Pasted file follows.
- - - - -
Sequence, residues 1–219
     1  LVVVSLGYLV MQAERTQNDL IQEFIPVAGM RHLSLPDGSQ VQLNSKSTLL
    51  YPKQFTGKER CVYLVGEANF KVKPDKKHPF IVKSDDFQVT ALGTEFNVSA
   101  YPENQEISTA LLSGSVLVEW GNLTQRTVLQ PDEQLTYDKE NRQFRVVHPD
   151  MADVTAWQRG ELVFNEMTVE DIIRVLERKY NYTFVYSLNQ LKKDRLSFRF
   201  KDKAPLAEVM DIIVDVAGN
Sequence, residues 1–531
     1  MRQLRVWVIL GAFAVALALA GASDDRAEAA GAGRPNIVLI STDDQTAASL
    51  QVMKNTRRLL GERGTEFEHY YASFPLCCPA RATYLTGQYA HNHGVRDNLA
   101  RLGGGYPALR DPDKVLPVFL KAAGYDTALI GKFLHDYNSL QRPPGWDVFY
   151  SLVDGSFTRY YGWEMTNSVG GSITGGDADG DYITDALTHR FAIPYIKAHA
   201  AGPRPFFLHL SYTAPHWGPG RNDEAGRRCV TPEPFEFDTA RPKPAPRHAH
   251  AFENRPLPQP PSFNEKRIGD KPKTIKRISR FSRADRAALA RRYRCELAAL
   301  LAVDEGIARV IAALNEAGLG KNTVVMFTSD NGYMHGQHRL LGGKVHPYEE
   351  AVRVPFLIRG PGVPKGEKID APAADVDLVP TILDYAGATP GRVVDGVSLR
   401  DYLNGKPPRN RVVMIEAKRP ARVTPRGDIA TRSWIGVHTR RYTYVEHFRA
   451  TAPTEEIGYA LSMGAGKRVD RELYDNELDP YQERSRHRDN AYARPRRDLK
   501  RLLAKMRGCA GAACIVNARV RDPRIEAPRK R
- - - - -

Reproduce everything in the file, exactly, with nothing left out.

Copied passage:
Sequence, residues 1–219
     1  LVVVSLGYLV MQAERTQNDL IQEFIPVAGM RHLSLPDGSQ VQLNSKSTLL
    51  YPKQFTGKER CVYLVGEANF KVKPDKKHPF IVKSDDFQVT ALGTEFNVSA
   101  YPENQEISTA LLSGSVLVEW GNLTQRTVLQ PDEQLTYDKE NRQFRVVHPD
   151  MADVTAWQRG ELVFNEMTVE DIIRVLERKY NYTFVYSLNQ LKKDRLSFRF
   201  KDKAPLAEVM DIIVDVAGN
Sequence, residues 1–531
     1  MRQLRVWVIL GAFAVALALA GASDDRAEAA GAGRPNIVLI STDDQTAASL
    51  QVMKNTRRLL GERGTEFEHY YASFPLCCPA RATYLTGQYA HNHGVRDNLA
   101  RLGGGYPALR DPDKVLPVFL KAAGYDTALI GKFLHDYNSL QRPPGWDVFY
   151  SLVDGSFTRY YGWEMTNSVG GSITGGDADG DYITDALTHR FAIPYIKAHA
   201  AGPRPFFLHL SYTAPHWGPG RNDEAGRRCV TPEPFEFDTA RPKPAPRHAH
   251  AFENRPLPQP PSFNEKRIGD KPKTIKRISR FSRADRAALA RRYRCELAAL
   301  LAVDEGIARV IAALNEAGLG KNTVVMFTSD NGYMHGQHRL LGGKVHPYEE
   351  AVRVPFLIRG PGVPKGEKID APAADVDLVP TILDYAGATP GRVVDGVSLR
   401  DYLNGKPPRN RVVMIEAKRP ARVTPRGDIA TRSWIGVHTR RYTYVEHFRA
   451  TAPTEEIGYA LSMGAGKRVD RELYDNELDP YQERSRHRDN AYARPRRDLK
   501  RLLAKMRGCA GAACIVNARV RDPRIEAPRK R